Heaviness – that all important, ever elusive, sonic be-all and end-all – can come in many different guises. Black metal traditionally chases heaviness through tremolo-picked surging speed and haunting yet beautiful enveloping

6 years ago

Heaviness – that all important, ever elusive, sonic be-all and end-all – can come in many different guises. Black metal traditionally chases heaviness through tremolo-picked surging speed and haunting yet beautiful enveloping atmosphere. Doom, of course, typically retains some of the atmospheric trappings but reaches peak heaviness through slower means, happily bludgeoning listeners with repetition, tone, and looser hypnotic riffs. Grind, Death, Post, whatever the genre, nearly all metal is a vehicle in service of achieving the greater aim of heaviness, that dark and ambiguous and magical master we’re all championing in this community of like-minded weirdos. And while a lot of bands use the conventions of their chosen genre to chase the dragon, every once in a while a band emerges that defies genre tropes and, instead, seems to innately exude heaviness from its very pores. Ferocious and uncompromising, some bands are heavy not because they specifically try to be, but because they absolutely cannot help it. I’m here to report that 2018 has its first entry into this menacing category. Something demonic is living inside ORYX. It’s nasty, it’s violent, and it’s gnashing its way out whether we’re ready or not.

Stolen Absolution, the band’s second proper full length, is a blistering collection of raw, noisy, blackened sludge that borrows liberally from various genres but owes allegiance to none. Sonic comparisons may rightfully include equal parts Couch Slut, Cobalt, Meek is Murder, and Lord Mantis, but those are only guideposts to help listeners orient themselves to ORYX’s unique landscape.  The band describes themselves as a “meager duo” but there isn’t an ounce of meagerness on display here: the guitars are blaring and distorted to a point of corrosion, the drums are alternatingly pulverizing and propulsive, and, especially, the vocals are genuinely terrifying. At the risk of relying on cliché, Tommy Davis genuinely screams as a man possessed; his throat-shredding delivery often seems more of a vehicle for some unwelcome invasive demonic spirit than that of a mere mortal. All of it coheres into an incredibly visceral listening experience that is at times terrifying, feral, and surprisingly emotional. And heavy.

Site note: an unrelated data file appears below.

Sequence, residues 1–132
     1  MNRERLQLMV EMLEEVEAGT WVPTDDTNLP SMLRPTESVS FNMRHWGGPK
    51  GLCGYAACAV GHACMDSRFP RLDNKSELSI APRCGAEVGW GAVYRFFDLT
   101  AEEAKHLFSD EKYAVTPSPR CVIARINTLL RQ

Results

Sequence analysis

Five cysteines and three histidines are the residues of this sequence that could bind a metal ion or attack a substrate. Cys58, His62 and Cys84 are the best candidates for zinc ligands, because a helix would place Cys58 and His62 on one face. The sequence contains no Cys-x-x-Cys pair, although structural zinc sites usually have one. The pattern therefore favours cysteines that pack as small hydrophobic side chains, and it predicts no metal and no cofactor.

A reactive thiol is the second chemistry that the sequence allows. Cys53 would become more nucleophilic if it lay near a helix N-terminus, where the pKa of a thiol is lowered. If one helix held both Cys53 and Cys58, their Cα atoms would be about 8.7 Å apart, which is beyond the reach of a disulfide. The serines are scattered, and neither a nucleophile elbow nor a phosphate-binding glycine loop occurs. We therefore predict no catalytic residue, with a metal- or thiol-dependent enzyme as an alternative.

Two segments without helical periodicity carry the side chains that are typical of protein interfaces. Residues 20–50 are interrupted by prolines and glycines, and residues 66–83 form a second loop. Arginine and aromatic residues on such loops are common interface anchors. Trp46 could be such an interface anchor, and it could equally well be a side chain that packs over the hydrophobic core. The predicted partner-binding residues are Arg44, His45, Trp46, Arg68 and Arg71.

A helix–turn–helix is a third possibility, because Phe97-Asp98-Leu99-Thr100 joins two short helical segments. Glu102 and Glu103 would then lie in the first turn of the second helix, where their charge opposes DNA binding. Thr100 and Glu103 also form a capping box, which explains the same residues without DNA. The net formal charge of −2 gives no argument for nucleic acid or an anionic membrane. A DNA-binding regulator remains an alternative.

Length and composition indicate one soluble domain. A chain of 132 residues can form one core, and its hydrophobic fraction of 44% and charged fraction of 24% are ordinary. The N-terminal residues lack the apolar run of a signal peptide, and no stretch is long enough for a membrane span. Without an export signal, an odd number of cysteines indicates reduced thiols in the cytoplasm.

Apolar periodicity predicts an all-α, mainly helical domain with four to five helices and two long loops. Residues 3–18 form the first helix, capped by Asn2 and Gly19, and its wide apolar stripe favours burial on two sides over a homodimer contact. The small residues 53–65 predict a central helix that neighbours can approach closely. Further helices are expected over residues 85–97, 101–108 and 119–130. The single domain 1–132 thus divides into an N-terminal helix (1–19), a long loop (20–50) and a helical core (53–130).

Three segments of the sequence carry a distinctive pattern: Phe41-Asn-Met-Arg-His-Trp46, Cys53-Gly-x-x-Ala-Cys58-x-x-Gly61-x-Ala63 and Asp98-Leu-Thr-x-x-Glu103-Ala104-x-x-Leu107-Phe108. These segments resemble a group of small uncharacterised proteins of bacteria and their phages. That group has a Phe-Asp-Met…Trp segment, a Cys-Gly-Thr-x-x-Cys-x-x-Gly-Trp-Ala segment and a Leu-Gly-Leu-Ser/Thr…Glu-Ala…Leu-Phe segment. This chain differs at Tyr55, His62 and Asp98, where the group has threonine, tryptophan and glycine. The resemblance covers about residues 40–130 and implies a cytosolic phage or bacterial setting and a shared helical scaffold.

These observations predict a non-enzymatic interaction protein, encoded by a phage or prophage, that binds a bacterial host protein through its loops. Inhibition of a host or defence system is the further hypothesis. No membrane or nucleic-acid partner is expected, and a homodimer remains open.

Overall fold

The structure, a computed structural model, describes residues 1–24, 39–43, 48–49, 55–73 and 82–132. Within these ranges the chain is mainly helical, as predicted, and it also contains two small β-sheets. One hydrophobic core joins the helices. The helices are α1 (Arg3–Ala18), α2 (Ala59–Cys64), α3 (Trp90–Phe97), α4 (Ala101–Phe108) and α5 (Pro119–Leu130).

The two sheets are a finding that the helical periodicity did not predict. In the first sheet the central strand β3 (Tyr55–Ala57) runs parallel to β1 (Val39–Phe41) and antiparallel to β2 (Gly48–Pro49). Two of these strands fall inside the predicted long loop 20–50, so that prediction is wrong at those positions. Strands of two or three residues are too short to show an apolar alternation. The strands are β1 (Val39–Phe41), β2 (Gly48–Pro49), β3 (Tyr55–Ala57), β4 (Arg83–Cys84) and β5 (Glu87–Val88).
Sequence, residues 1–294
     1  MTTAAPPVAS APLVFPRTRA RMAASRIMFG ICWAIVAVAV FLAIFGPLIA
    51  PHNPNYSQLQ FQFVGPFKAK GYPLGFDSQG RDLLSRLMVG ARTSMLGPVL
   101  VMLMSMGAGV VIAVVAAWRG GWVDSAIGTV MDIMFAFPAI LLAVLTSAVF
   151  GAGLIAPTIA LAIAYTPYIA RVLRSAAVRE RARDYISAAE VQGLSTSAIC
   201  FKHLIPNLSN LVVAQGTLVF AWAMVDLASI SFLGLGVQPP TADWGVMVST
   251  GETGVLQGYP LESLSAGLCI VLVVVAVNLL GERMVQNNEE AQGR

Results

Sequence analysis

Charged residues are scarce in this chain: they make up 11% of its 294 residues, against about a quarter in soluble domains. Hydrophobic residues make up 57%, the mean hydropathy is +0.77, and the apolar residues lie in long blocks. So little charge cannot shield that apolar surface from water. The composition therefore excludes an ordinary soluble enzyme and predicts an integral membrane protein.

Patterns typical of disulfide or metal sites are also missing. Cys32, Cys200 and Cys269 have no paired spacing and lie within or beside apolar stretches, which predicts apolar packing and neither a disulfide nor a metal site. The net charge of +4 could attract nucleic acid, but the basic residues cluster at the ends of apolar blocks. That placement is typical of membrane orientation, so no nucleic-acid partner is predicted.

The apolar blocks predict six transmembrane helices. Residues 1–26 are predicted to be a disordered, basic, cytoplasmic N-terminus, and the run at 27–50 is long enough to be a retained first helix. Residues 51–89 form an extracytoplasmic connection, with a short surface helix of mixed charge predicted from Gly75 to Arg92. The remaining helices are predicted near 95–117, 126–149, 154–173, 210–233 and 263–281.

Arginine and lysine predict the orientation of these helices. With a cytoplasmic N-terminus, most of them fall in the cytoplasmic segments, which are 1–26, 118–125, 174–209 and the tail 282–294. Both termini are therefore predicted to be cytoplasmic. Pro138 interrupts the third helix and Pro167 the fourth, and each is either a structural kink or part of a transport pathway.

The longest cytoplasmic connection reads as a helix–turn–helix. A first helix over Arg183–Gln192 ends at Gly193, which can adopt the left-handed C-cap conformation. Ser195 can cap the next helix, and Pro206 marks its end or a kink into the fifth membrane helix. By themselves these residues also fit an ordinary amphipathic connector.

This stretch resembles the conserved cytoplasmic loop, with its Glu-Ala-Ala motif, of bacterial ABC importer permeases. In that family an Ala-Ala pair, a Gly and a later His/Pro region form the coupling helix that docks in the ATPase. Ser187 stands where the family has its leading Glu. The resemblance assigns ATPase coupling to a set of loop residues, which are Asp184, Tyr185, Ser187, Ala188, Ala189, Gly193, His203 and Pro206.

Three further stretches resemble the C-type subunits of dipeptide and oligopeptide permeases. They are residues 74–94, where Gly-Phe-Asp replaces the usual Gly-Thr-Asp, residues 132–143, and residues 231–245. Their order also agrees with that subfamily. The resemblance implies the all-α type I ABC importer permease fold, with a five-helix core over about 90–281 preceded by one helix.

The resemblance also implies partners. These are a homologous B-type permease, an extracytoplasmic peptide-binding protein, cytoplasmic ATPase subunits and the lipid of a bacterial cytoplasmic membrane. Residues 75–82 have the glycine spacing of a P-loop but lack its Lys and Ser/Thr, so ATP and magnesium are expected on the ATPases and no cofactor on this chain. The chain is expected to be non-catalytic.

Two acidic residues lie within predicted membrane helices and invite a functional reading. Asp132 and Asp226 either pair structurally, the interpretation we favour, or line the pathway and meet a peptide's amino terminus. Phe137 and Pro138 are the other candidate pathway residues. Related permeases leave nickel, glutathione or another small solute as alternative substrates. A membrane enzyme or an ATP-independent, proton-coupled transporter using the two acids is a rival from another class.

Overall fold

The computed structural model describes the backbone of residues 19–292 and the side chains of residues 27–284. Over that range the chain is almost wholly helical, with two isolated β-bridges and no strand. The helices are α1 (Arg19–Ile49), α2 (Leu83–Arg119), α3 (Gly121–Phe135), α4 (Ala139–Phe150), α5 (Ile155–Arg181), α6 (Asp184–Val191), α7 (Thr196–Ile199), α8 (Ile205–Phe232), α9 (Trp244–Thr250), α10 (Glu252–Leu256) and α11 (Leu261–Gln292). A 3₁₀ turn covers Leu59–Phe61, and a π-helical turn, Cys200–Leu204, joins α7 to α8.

“Blackened Earth” delivers the album’s first body slam within its opening minute, a galloping rager that displays the band’s potent formula of chugging riffs, inhuman screams, and atonal guitar leads that escalate the records menacing atmosphere. One of Stolen Absolution’s secret weapons is the formidable juxtaposition of punch-you-in-the-face, unrelenting wall-of-sound oppression abutting all too brief but disquieting (anti) melodic passages of relative quiet.  “Abject” serves as the records literal centerpiece and also displays that dynamic perfectly: after a screeching extended intro of discordant feedback and lumbering drums, the track detonates into an abrasive exchange between (relatively) up-tempo hardcore-tinged sludge and oppressively sparse but powerful hate-doom. Throughout, no matter the tempo, drummer Abbey Apple maintains a controlling presence behind the kit, punctuating sonic explosions with bright cymbal crashes and making liberal use of toms to help add extra low-end oomph to the two-piece’s sound.

A special note regarding the album’s length: at this point, I’ve listened to Stolen Absolution well into double-digit territory and not once has the record’s final title track concluded where I didn’t have the urge to immediately start over and listen again. Mostly this has to do with how affecting and, frankly, fantastic the album is but it must also be admitted that a brisk 35-minute runtime can often make the heart grow fonder. Obviously, there is no special runtime sweet spot for great records and I love just as many swollen, sprawling records as I do shorter ones. But, in Stolen Absolution, ORYX has created a perfectly digestible, endlessly listenable record of ugly, unholy music. This thing kicks the door down, eats faces, and gets out quickly – all to the album’s benefit. Kudos to ORYX for knowing how to leave a lasting wallop without overstaying their welcome.

As Heavy Blog Overlord Jonathan Adams noted very recently, some music doesn’t want you to be happy. ORYX definitely don’t care if you feel happy, but they make damn sure you feel something listening to Stolen Absolution. This is music that will not be ignored – urgent, manic, and caustic. And also, maybe, triumphant.  ORYX embraces the darkness and hatred most people try to keep at bay, displaying it in full daylight and inviting listeners to bask in its unholy glory. After all, none of us make it out alive. We might as well dance, clear-eyed, in the madness.

Stolen Absolution will be available via Midnite Collective on 2/23/2018.

Lincoln Jones

Published 6 years ago